The number of Covid-19 cases in India has been increasing rapidly for the last three days with 875 people testing positive on 30, 31 March and 1 April.
Almost half of these are linked to the Tablighi Jamaat gathering at the Nizamuddin Markaz in New Delhi.
2,346 people were taken away from the Markaz by the government authorities, out of which 536 who were showing symptoms of Covid-19 were sent to hospital.
The government seems to have discovered the problem with the cluster quite late. In a released by Delhi Police of 23 March, a police officer is seen in a meeting with a delegation of Nizamuddin Markaz warning them of legal action if they do not vacate the premises.
The delegation tells him that 1,500 people left the day before (22 March) and only 1,000 people were left at the mosque. But as it turns out, the delegation was blatantly lying as 2,346 people were evacuated by the government later.
But more importantly, the police officer is asking the delegation to vacate the premises as soon as possible. This shows that the government had no idea that scores of Covid-19 suspects were residing there otherwise it wouldn’t have asked possibly infected people to disperse around the country.
Only on 25 March, a medical team arrived at the mosque and started examining suspects. On 26 March, a person who tested positive for Covid-19 and had visited the Markaz died in Srinagar. After this, six residents from the Markaz were taken to Jhajjar in Haryana and quarantined on 27 March.
Next day, 33 more people were taken to a hospital in Delhi. On 29, a full fledged operation was launched, possibly after the government realised that there were not 1,000 residents but more than double of that were residing there.
Why did the government get to know of the Nizamuddin cluster so late? It is now emerging that people who tested positive early had also attended the gathering in New Delhi but this information wasn’t revealed at the time.
An Indonesia national was tested positive in Telangana on 17 March. Next day, seven more of Indonesia nationals and fellow travellers were tested positive. It was only reported in the media (, and ) that the group had come from Indonesia and took a train from New Delhi to Karimnagar to attend a religious gathering.
State health minister E Rajender had that all the five patients (till then; Indonesian was Patient No 5) acquired the virus abroad. It seems that the Indonesia group didn’t tell the authorities about their visit to the Nizamuddin Markaz. It was simply assumed that the Indonesians came from abroad and proceeded directly to Karimanagar.
But this group of 12 Indonesians, all of whom tested positive, had come to Delhi on 9 March and boarded a train to Telangana on 13 and stayed in the Markaz in between. Some Indian nationals also travelled with them on their journey from Delhi to Telangana.
This was on 17 March. The first Indonesian who tested positive that day was Patient Number 141 in India. Had this group of preachers briefed the authorities of their visit to the Markaz, maybe the government could have acted sooner and quarantined the Nizamuddin mosque thus preventing hundreds to leave for different parts of the country.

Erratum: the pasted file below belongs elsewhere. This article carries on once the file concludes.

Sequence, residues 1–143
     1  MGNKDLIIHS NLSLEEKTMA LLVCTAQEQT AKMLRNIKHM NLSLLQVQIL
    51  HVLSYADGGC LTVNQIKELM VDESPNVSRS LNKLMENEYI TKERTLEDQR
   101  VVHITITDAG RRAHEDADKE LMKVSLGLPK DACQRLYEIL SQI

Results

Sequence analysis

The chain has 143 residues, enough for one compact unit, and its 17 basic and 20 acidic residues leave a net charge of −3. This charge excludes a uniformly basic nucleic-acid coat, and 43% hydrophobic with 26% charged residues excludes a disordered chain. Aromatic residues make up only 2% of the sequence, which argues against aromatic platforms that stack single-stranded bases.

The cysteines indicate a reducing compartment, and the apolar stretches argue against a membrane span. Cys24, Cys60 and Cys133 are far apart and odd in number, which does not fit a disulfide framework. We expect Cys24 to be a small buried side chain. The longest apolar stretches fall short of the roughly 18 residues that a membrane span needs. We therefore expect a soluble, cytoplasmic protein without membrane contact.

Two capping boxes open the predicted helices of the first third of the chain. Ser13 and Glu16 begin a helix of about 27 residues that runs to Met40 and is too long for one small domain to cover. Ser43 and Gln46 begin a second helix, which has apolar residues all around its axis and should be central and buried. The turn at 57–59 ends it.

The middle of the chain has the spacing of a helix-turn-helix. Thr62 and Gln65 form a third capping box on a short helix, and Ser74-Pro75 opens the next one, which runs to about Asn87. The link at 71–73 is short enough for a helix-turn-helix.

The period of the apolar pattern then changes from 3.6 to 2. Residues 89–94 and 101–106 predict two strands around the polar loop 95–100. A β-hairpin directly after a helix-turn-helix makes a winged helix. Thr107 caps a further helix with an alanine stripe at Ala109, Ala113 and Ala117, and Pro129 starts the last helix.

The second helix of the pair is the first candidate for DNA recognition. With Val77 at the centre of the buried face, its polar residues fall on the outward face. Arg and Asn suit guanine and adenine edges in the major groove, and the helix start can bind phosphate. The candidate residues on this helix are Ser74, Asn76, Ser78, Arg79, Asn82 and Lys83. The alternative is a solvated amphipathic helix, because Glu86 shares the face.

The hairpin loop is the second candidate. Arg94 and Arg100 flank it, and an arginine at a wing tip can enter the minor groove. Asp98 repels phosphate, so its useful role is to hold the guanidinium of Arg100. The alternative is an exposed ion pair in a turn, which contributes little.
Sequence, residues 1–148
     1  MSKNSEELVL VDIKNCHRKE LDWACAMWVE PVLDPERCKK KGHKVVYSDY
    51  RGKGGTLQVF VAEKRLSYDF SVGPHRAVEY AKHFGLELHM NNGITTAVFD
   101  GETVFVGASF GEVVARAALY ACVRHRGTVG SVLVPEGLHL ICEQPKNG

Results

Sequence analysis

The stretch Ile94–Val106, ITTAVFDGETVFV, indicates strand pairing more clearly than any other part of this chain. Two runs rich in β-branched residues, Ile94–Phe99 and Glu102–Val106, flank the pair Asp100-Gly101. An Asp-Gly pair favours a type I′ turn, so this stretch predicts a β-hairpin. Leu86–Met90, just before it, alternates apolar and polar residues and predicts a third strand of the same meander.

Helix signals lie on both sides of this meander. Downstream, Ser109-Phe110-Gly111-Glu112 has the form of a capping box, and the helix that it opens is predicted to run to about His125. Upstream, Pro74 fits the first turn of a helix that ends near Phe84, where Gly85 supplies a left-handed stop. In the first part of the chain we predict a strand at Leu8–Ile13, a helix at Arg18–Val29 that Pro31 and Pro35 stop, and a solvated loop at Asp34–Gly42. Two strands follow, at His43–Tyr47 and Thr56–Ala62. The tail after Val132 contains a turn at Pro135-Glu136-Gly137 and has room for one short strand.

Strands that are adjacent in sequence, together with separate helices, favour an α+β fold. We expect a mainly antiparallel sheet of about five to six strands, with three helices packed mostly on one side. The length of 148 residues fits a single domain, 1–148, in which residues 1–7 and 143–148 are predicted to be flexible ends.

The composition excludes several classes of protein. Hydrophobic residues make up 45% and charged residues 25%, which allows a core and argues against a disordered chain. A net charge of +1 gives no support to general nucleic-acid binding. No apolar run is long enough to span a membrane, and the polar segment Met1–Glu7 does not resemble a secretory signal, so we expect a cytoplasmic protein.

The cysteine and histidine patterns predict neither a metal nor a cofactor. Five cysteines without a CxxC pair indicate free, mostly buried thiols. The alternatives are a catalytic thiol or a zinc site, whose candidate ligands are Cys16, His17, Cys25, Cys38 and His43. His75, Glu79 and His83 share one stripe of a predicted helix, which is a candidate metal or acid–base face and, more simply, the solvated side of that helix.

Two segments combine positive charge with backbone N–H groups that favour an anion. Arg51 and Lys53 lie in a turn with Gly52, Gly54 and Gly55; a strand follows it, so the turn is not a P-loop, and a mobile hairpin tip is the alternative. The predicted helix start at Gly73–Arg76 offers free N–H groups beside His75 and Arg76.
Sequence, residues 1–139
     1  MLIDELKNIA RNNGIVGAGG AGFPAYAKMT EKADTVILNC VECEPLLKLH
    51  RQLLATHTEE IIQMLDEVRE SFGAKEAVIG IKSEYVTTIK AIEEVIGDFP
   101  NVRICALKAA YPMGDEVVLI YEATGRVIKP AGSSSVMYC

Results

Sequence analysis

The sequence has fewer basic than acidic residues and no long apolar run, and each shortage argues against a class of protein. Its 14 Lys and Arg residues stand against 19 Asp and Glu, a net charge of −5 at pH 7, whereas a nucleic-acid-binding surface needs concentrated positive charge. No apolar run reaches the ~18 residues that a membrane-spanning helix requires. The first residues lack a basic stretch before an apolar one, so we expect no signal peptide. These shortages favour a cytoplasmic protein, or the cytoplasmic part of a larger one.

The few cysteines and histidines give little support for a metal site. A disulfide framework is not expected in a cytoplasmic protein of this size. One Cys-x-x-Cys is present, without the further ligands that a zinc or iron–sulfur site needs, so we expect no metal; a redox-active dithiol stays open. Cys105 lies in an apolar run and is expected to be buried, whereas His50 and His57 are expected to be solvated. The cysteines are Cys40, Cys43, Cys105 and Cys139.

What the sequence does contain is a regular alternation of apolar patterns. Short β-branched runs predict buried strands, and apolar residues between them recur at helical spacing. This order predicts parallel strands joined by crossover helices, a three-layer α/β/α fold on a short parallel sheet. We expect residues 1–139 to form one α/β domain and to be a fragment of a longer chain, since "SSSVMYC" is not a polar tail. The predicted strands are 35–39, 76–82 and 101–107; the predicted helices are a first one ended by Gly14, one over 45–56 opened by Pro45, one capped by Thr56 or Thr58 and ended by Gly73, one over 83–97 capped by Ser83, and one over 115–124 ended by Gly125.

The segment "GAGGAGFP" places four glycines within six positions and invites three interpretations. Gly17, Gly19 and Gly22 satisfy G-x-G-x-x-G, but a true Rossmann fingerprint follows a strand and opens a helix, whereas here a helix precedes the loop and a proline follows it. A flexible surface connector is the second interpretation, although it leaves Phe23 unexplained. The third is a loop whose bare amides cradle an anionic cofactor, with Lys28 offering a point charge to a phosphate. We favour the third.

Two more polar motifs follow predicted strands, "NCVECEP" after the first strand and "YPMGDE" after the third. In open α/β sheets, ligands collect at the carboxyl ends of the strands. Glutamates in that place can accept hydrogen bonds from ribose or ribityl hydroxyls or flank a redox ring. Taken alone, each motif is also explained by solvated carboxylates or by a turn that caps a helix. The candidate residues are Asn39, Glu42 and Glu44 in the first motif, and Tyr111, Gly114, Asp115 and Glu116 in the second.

Another man who was on the same flight also tested positive the next day. The government probably assumed that he got it from the first patient. The government put all 55 passengers of the plane in quarantine and airport staff who were on duty that day to undergo tests for Covid-19.
When the number of positive cases rose to 6 on 27 March, it was that they were part of a large group who had gone on a religious tour which also included a stay at Delhi’s Nizamuddin Markaz. Reports of initial two cases (, and ) didn’t mention anything about them attending a religious gathering in Delhi.
Similarly, a 65-year old man from Tumkur who had stayed in Delhi from 7 to 11 March and attended the Markaz gathering later tested positive. He was admitted to the hospital on intervening night of 23 and 24 March and his sample was taken in the afternoon.
A prepared by the government after talking to the patient didn’t have any mention of his attending the Markaz. In all likelihood, he hid this crucial information from the authorities. He later died on 27 March.
After his death, there were apprehensions in the media about whether community transmission had already started in India for the Tumkur man had no foreign travel history.
On such cases, Union Health Ministry’s Joint Secretary Lav Agarwal had said that this could be because “sometimes a person is not able to explain to us his contact and travel history.”
Now, it turns out that the Tablighi Jamaat members who had attended Delhi Markaz were most likely deliberately hiding information about their visits. This is not a one-off case but a pattern emerges when one sees similar stories from Telangana to Andaman to Karnataka.
Even in Gujarat and Madhya Pradesh, some cases where transmission type was not clear, the authorities are finding Tablighi Jamaat connection.
One is not sure why the Jamaat members hid their travel history to Markaz but had they been forthcoming from the beginning, the cluster could’ve been quarantined sooner and more people could’ve been prevented from contracting the virus.